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The Key to Longevity Could Be Hidden in Embryos

September 4, 2023
Carlos Galicia & Maria Marinova

Scientists are forever searching for ways to rejuvenate aged cells and organisms back to a more youthful and healthier state — from stem cell therapies to telomere lengthening, or even the Frankenstein-esque heterochronic parabiosis experiments whereby older organisms receive the blood of younger ones. In 2012, the Nobel Prize in Physiology or Medicine was awarded to Sir John B. Gurdon and Shinya Yamanaka who discovered a technique to reprogram mature cells back to stem cells, coined induced pluripotent stem cells. Big pharma has attempted to use this knowledge to develop rejuvenating therapies, for example Altos labs became one of the highest funded start-ups in history with an initial investment of 3 billion dollars.

What if I told you the key to reverse aging might be hidden inside your very own cells? We’re not talking about sipping on an exotic “superfood” concoction, strapping on some high-tech gadget, or hiring a blood boy. The spotlight is firmly on embryogenesis — a biological process that we’ve all experienced yet barely understand.

Okay, so what’s the big deal about embryogenesis? The miraculous transformation of two adult gametes (sex cells) into a full-blown organism effectively hits a giant reset button. Any age-related wear and tear present in the parent cells? Gone. Erased. Just like that, the biological clock is set back to zero. If that’s not a natural “Fountain of Youth,” what on earth is?

Like other adult cells, gametes undergo multiple types of age-related changes. They suffer mitochondrial dysfunction; they accumulate molecular damage and show epigenetic alterations [1, 2]. These afflictions bear the potential to be the unwelcome legacy passed down to the nascent embryo. Yet, this sparks a compelling hypothesis: could the embryo come equipped with inherent mechanisms to mitigate age related changes and undergo rejuvenation?

The idea of ‘rejuvenation’ isn’t new in the biological world. Conversion of somatic cells to induced pluripotent stem cells and the reset of the germline age with each generation are examples of this phenomena. This gives rise to the proposition of a ‘ground zero’ model, a mid-embryonic state characterized by the lowest biological age. It is hypothesized that the period from zygote to this ‘ground zero’ is associated with rejuvenation, wherein the biological age is decreased, telomeres are extended, and molecular damage is cleared. This concept of ‘ground zero’ helps illuminate the relationship between aging, development, rejuvenation, and de-differentiation, elements that are distinct throughout life [1, 3]. But here’s the million-dollar question: how does this occur? Well, hold onto your lab goggles, because scientists are already exploring this exciting frontier!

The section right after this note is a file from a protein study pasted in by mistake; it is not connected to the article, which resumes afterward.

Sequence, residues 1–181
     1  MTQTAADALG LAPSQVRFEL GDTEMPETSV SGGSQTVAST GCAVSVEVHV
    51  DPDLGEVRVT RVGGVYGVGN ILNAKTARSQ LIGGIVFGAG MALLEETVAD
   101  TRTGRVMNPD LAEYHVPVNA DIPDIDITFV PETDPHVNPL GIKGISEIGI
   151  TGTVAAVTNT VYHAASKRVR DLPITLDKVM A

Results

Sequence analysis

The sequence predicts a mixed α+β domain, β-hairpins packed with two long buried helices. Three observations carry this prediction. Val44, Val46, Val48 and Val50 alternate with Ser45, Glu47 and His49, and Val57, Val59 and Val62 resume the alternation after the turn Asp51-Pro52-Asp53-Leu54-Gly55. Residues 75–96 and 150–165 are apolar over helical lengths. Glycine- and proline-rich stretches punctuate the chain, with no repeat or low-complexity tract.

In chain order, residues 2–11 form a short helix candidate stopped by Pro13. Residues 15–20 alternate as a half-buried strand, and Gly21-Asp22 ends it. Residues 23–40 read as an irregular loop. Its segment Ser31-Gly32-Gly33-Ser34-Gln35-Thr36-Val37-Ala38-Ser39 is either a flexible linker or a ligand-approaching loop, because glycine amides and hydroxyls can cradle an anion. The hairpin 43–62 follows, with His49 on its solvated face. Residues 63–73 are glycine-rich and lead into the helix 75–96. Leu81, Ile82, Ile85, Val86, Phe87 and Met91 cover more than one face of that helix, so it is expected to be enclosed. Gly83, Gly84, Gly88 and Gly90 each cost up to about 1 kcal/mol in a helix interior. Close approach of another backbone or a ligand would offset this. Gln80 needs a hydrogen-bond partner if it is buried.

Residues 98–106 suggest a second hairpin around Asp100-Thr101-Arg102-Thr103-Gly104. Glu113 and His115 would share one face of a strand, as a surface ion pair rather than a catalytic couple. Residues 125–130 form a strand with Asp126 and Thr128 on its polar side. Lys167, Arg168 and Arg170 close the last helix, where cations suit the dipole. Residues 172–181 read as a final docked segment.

Using algorithms that can predict the age of an organism called epigenetic clocks, researchers have identified a point in embryogenesis where epigenetic age is reversed [1, 4]. Epigenetic clocks measure epigenetic age by looking at specific methylation patterns that are indicative of the age of an organism. Methylation patterns are a fundamental aspect of epigenetics. They involve the addition of a methyl group (a carbon atom linked to three hydrogen atoms) to the DNA molecule, typically at a cytosine nucleotide (one of the “building blocks” of DNA). These patterns play a pivotal role in gene expression because they can silence or activate genes without changing the underlying DNA sequence.

Scientists speculate that harnessing this natural epigenetic rejuvenation could be a key to promoting longevity and reducing age-related disease. This theory has taken the field by storm over the last few years and attracted a lot of commercial interest and new ventures trying to induce a state of “youthfulness” in cells by applying a process of epigenetic reprogramming.

Indeed, methylation presents a fascinating instance of the molecular alterations associated with aging. However, it represents only one facet of this complex process. A myriad of other molecular transformations and deteriorations in cellular function accumulate over time. The extent to which these changes affect gametes and whether they can be reversed by the embryo remains largely unknown.

To gain a deeper understanding of the relationship between aging and embryogenesis, researchers are delving deep, right into the core of gametes and embryos. Their goal? To identify any age-related alterations in parent cells that are subsequently erased as oocytes and sperm transform into an embryo, ultimately giving rise to a new organism.